That was the line that environment minister Steve Thomson took last September. He was quoted citing that figure by The Canadian Press. But last week, caught in the headlights of a legislative committee examining budget estimates, he sang a different song, one that had a lot fewer zerosin it.
How much direct revenue does the province actually earn from allowing trophy hunters to go out and kill grizzlies for the pleasure of posing with their corpses for photos? Why, it’s $414,000, not $350 million.
Considered another way, the trophy hunt for grizzlies contributes about half as much to the economy as the government apportions to 19 cabinet ministers and their deputy ministers and assistant deputy ministers as an executive car allowance.
And put even more succinctly, the province’s payback from trophy hunting among vulnerable grizzly bear populations amounts to 0.001 per cent of total provincial revenue.
By way of contrast, another recent study argues that the small and still relatively undeveloped bear-watching sector of nature tourism in the province already generates more than 12 times the revenue in visitor spending and 50 times the number of jobs generated by letting people kill grizzlies for fun.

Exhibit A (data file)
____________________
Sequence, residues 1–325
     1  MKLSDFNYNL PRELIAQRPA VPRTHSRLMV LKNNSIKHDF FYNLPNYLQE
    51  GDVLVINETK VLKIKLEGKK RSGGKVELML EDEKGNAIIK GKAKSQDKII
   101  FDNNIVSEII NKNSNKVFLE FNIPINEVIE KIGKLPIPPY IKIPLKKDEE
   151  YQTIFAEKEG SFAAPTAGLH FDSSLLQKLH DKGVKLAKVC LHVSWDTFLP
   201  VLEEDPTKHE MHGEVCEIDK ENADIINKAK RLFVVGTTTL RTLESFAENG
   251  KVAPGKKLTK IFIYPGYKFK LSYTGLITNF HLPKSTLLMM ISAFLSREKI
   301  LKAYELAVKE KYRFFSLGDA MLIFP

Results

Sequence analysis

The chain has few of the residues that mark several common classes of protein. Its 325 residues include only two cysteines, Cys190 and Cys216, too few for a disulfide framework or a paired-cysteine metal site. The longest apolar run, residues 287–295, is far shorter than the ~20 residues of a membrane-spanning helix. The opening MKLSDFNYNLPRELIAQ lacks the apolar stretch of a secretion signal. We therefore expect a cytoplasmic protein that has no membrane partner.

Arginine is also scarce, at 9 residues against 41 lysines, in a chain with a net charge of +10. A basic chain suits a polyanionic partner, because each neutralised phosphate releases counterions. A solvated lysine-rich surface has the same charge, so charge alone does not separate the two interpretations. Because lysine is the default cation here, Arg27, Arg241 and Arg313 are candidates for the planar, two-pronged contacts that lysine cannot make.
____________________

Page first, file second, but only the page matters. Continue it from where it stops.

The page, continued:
Simple common sense observes that you only get to kill a bear once for your vanity photo with the corpse. But with a live bear, you can grab vanity selfies year after year for as long as its natural lifespan permits it to return to the viewing platform.
Put the bear at the centre of the economic equation and it’s clear the live animal generates a much greater ratio of jobs and economic activity than the dead one. The dead bear generates one payment and perhaps a couple of jobs – once; the live bear’s value in terms of bear watching is multiplied by the seasons in its lifespan. If the average lifespan of a grizzly in the wild is 25 years, then the multiplier for the live bear is 25 to one for the dead bear.
So whenever government pontificates about sustainable trophy hunting, remember the newspeak in Orwell’s 1984. You know, „war is peace“, „freedom is slavery“, „ignorance is strength“ – and using a valuable self-renewing resource once and throwing it away is sustainability.
Most of us, surveys repeatedly confirm, don’t consider slaughtering an iconic species solely for pleasure to be our inviolable provincial heritage. And remember, this isn’t about hunting – most of us have no issue with harvesting wild food – it’s about a narrow niche of vanity hunting.
The polls show this difference of opinion isn’t the urban-rural gulf that trophy hunting ideologues frequently claim. Many rural residents, indeed, many hunters, turn out to be as uncomfortable with the trophy hunting of grizzlies as the city folk who are repelled by the ethical questions the practice raises.
There is a price for the pittance the grizzly hunt earns, of course.
The trophy hunt puts us on display internationally as Brutish Columbia, a benighted, backwards place where democracy is so desensitized that government is empowered to simply ignore the wishes of the 3.8 million citizens who want trophy hunting ended and instead permits the killing to continue to appease 186 trophy hunters and a handful of tiny guiding businesses that employ less than a dozen people.
„What were they thinking?“ future generations will ask of us. It will be as fair a question then as it is now.
© Stephen Hume, Vancouver Sun